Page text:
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Homeward Bound? by ProQuest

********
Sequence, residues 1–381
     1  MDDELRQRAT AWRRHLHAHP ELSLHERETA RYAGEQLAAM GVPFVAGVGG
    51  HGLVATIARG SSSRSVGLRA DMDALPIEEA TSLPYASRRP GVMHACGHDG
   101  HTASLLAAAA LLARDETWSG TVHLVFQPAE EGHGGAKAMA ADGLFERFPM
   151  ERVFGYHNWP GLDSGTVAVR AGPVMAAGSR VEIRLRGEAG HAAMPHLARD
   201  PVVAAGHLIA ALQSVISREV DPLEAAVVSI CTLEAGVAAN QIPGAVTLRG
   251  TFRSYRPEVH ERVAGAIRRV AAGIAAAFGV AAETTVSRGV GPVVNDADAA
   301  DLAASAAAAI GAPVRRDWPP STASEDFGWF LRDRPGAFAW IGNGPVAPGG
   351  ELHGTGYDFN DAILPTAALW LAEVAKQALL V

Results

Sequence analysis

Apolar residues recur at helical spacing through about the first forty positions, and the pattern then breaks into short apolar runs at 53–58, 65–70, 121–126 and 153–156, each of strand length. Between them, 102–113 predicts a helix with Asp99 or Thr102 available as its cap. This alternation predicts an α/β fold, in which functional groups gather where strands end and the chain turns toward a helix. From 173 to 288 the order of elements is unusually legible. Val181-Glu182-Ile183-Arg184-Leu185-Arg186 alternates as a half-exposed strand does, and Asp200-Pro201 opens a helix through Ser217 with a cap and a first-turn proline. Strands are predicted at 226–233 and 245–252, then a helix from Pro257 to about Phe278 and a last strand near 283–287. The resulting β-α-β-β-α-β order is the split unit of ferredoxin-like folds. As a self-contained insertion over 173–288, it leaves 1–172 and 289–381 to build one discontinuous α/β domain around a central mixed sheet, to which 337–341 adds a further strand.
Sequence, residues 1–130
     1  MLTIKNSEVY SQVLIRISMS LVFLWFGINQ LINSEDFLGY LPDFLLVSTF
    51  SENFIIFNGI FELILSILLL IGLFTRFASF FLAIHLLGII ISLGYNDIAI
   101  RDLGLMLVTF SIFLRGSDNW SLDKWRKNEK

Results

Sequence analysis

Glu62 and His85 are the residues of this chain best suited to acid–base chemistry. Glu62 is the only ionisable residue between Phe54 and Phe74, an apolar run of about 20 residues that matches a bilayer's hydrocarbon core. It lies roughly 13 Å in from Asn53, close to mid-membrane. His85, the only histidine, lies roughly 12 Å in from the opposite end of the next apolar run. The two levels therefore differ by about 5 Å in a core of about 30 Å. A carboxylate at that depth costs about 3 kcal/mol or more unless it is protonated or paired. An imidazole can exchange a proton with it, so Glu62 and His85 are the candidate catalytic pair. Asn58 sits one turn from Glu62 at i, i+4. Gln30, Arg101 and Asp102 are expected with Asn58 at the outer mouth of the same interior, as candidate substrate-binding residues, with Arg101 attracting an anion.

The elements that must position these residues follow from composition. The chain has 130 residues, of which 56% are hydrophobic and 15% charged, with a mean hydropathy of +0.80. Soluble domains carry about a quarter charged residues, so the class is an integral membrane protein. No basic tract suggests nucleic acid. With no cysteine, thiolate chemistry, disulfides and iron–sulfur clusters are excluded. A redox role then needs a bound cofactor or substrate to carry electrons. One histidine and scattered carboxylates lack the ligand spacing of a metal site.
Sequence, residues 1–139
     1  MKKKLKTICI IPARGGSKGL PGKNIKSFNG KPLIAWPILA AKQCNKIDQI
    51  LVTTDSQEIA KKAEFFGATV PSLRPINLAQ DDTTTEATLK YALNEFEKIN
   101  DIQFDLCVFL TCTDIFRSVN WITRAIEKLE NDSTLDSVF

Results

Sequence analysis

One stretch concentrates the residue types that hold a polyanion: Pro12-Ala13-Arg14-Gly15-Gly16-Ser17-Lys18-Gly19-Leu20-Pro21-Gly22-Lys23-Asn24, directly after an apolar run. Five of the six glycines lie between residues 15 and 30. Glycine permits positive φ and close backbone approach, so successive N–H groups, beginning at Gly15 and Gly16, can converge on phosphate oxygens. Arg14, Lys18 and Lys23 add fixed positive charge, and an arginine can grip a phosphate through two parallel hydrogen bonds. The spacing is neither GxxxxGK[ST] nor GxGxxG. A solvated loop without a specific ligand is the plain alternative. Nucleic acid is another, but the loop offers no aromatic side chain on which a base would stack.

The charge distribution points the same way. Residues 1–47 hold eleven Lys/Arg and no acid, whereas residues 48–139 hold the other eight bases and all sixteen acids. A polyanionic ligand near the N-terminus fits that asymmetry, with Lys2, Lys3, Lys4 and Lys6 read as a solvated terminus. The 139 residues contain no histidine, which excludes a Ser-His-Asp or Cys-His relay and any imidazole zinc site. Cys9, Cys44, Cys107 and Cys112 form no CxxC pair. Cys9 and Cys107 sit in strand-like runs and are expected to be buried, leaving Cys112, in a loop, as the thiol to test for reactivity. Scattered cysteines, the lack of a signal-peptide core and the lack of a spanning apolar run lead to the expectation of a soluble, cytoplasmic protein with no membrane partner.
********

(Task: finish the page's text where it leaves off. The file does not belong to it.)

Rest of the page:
In the case of Lebanon, the progress unraveled in a civil war, which began two years after the fifteen-year mark in the mid-1970s.1 Second, the "offense is the best defense" strategy has been counterproductive for countering terrorism-international terrorism is up markedly since the United States invaded Iraq, and the number of suicide-bombing attacks has skyrocketed from 75 incidents in 2002 to 658 in 2007.2 In fact, invading, occupying and conducting nation-building operations in "failed states" (as the United States has done in Iraq or Afghanistan) or visibly supporting proxies to do the same (Ethiopia in Somalia) exacerbates the problem twofold; it not only creates new pools of recruits but also allows terrorist groups to hone their skills in direct combat with U.S. and allied forces. A smaller footprint abroad, especially in the Persian Gulf, and a policy of U.S. global military restraint would cost less in blood and treasure, allow wealthy U.S. allies to take more responsibility for their own defense, be less dangerous to the American public, and allow the U.S. government to better carry out its constitutional duty to defend U.S. citizens and property without destroying its republican system of government.

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